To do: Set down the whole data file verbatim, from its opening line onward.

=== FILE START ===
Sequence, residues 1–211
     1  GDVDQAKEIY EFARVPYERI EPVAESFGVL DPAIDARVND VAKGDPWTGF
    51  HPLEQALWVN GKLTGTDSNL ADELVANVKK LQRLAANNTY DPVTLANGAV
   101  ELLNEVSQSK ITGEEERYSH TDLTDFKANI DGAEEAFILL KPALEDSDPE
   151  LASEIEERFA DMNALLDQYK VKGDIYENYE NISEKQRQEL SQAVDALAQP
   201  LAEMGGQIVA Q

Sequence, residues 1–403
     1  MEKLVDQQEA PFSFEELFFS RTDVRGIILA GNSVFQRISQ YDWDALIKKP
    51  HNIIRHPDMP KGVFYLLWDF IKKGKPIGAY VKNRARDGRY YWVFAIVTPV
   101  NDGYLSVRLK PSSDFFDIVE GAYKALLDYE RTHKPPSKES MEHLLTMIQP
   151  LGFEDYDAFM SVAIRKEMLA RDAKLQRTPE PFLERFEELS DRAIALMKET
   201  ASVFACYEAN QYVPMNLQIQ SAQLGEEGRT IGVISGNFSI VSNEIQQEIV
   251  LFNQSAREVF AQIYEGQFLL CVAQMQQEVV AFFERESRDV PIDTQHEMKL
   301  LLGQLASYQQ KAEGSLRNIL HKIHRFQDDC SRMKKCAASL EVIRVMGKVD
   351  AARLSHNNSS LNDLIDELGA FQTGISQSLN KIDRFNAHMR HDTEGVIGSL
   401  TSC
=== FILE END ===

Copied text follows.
Sequence, residues 1–211
     1  GDVDQAKEIY EFARVPYERI EPVAESFGVL DPAIDARVND VAKGDPWTGF
    51  HPLEQALWVN GKLTGTDSNL ADELVANVKK LQRLAANNTY DPVTLANGAV
   101  ELLNEVSQSK ITGEEERYSH TDLTDFKANI DGAEEAFILL KPALEDSDPE
   151  LASEIEERFA DMNALLDQYK VKGDIYENYE NISEKQRQEL SQAVDALAQP
   201  LAEMGGQIVA Q

Sequence, residues 1–403
     1  MEKLVDQQEA PFSFEELFFS RTDVRGIILA GNSVFQRISQ YDWDALIKKP
    51  HNIIRHPDMP KGVFYLLWDF IKKGKPIGAY VKNRARDGRY YWVFAIVTPV
   101  NDGYLSVRLK PSSDFFDIVE GAYKALLDYE RTHKPPSKES MEHLLTMIQP
   151  LGFEDYDAFM SVAIRKEMLA RDAKLQRTPE PFLERFEELS DRAIALMKET
   201  ASVFACYEAN QYVPMNLQIQ SAQLGEEGRT IGVISGNFSI VSNEIQQEIV
   251  LFNQSAREVF AQIYEGQFLL CVAQMQQEVV AFFERESRDV PIDTQHEMKL
   301  LLGQLASYQQ KAEGSLRNIL HKIHRFQDDC SRMKKCAASL EVIRVMGKVD
   351  AARLSHNNSS LNDLIDELGA FQTGISQSLN KIDRFNAHMR HDTEGVIGSL
   401  TSC